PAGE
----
PWM-dimming of RGB LEDs


Here I have tested a single individual lamp, of a single brand and type. From the ubiquity of identical or very similar lamps sold under different brand names by numerous sellers in eBay and Aliexpress, this seems to be a “typical” or popular type. The intention is for it to serve as an example of one specific technology for adjustment of the light output of LED lamps. This is not a comparative review.


If you haven’t yet read the post on dimming of LEDs, I recomend that you read it before continuing.


In recent times cheap RGBW LED bulbs with four colour channels and their own small remote control have become widely available, both from well known brand names, and cheaper local and Chinese sellers. I tested one branded LEDSAVERs RGB, from a Swedish supplier. Although labelled RGB, the lamp has four independent colour channels red, gren, blue and white (RGBW).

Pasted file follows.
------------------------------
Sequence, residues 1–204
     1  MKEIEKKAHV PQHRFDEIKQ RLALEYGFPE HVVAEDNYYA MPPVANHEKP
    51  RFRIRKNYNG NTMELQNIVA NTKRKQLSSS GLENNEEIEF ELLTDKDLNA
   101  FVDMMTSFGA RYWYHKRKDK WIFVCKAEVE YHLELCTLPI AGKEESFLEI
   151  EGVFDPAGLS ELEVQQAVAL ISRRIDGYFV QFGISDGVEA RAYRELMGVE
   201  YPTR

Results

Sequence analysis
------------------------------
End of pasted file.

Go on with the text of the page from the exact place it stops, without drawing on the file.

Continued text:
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For the test shown below in a video, I used a PicoScope 2204A USB oscilloscope with the PicoScope 6 software running under Windows 10. These oscilloscope has two channels. I connected to each channel a TSL251 light-to-voltage optical sensor, one filtered with red acrylic (Plexiglas ) and the other with blue acrylic (Plexiglas ). I powered the sensors with a stabilised 5V power supply.

The test includes an initial section showing dimming of the white channel of the lamp. Later sections show how different colours are created by varying the length of pulses from pairs of channels. In the video only colours formed by mixing red and blue are shown, as well as how dimming in this case.

In the video the red oscilloscope trace, channel B of the oscilloscope, corresponds to the red-filtered sensor, while the blue trace, channel A, corresponds to the blue-filtered sensor.

At the lower edge of the window appear live measurements of some parameters: pulse frequency is approximately constant at 164 Hz, and duty cycle changes in steps of approximately 10%, with a minimum of 10%. (To see this number you will need to set the video to full screen and HD resolution in YouTube.)